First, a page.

House Bill Funds Government for Remainder of the Year

House of Representatives

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Monday House Appropriations Committee Chair Hal Rogers (R-KY) introduced a bill that would extend the current stop-gap funding for government operations through Sept. 30, the end of the current fiscal year. The entire federal government has been operating without a budget since fiscal year 2013 began back on Oct. 1, and the current temporary spending bill – known officially as a continuing resolution (CR) – is set to expire on March 27.

The legislation introduced yesterday would extend the current spending bill through the end of the fiscal year – in other words, Congress is proposing to go through this entire fiscal year without passing an actual budget. However, this new legislation did include an actual budget for just two areas of government – Defense and Military Construction-Veterans Affair. All other federal programs would be funded with another stop-gap funding measure.

The House set total discretionary spending in this new bill at $1.043 trillion. The bill assumes $85 billion in across-the-board spending cuts will be applied as a result of the sequestration order signed by President Obama on March 1. Of that $1.043 trillion in total spending, $518 billion is for the Pentagon’s base budget. The bill also includes $87 billion for war costs. That means the House proposes spending around 58 percent of all discretionary spending in fiscal 2013 on military operations.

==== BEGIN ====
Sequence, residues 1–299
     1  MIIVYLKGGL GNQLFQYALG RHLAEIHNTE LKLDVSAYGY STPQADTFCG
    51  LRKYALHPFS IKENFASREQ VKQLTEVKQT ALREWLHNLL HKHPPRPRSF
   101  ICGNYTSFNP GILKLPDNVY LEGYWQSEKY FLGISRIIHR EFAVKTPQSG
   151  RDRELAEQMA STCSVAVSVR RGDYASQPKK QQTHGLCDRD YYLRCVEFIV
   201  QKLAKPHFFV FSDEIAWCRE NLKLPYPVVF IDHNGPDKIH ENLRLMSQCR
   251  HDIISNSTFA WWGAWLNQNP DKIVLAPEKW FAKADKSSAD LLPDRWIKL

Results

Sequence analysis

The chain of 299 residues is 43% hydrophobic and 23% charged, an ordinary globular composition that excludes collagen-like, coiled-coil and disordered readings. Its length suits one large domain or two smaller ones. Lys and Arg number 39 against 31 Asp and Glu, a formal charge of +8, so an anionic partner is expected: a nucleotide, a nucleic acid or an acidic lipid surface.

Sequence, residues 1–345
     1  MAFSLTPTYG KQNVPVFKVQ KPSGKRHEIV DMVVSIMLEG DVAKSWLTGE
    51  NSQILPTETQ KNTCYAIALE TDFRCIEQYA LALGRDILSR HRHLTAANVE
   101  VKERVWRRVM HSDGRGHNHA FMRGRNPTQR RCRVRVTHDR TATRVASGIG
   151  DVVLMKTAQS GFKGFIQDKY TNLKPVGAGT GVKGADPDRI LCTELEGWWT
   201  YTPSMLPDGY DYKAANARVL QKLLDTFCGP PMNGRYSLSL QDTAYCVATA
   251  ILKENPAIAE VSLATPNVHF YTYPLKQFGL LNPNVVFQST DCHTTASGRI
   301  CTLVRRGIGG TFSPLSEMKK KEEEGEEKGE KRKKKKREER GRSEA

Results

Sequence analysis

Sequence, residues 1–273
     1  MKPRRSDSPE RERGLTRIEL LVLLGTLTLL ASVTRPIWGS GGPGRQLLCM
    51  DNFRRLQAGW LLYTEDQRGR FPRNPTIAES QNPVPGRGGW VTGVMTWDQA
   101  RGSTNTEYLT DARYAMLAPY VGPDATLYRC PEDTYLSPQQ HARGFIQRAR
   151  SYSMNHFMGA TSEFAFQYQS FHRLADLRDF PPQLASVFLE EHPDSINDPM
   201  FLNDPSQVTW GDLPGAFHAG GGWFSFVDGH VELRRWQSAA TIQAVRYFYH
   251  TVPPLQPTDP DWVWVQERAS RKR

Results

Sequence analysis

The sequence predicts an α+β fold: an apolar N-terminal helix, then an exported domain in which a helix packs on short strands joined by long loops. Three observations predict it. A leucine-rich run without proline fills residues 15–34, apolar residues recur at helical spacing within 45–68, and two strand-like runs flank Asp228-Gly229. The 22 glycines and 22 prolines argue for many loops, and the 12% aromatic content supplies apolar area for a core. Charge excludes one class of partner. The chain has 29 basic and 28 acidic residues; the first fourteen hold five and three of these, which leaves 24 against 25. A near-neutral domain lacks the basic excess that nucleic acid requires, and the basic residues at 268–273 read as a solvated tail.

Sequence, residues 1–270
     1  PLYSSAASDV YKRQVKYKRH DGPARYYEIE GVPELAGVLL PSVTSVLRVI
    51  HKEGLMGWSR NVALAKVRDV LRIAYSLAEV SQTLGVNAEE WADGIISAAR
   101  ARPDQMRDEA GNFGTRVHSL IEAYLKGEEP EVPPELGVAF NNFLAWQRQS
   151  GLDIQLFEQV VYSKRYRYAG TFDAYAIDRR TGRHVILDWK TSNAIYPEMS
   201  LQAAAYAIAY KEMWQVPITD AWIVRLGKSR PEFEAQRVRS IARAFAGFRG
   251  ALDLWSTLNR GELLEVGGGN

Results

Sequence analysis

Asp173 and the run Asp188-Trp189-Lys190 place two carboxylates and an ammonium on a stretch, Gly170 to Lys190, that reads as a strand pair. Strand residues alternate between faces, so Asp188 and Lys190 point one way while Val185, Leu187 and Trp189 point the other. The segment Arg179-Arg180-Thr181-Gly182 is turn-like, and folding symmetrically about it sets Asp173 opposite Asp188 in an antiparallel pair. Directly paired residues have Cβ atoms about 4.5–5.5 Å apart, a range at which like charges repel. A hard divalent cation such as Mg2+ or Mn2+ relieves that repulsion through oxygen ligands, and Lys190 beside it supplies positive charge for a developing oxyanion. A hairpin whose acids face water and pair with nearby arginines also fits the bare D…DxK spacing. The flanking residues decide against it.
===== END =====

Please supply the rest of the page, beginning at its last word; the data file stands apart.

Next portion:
The CR also includes $71.9 billion for military construction and the Department of Veterans Affairs, $210 million above FY2012 funding levels. The remaining $366 billion of spending will fund all other domestic discretionary programs – like education, social service programs, environmental protection, and food safety.

The full House is expected to consider this legislation later this week.

Click here to see the text of H.R. 933.

NOTE: An earlier version of this article set total discretionary spending in the new bill at $982 billion, a level which reflects the impact of sequestration.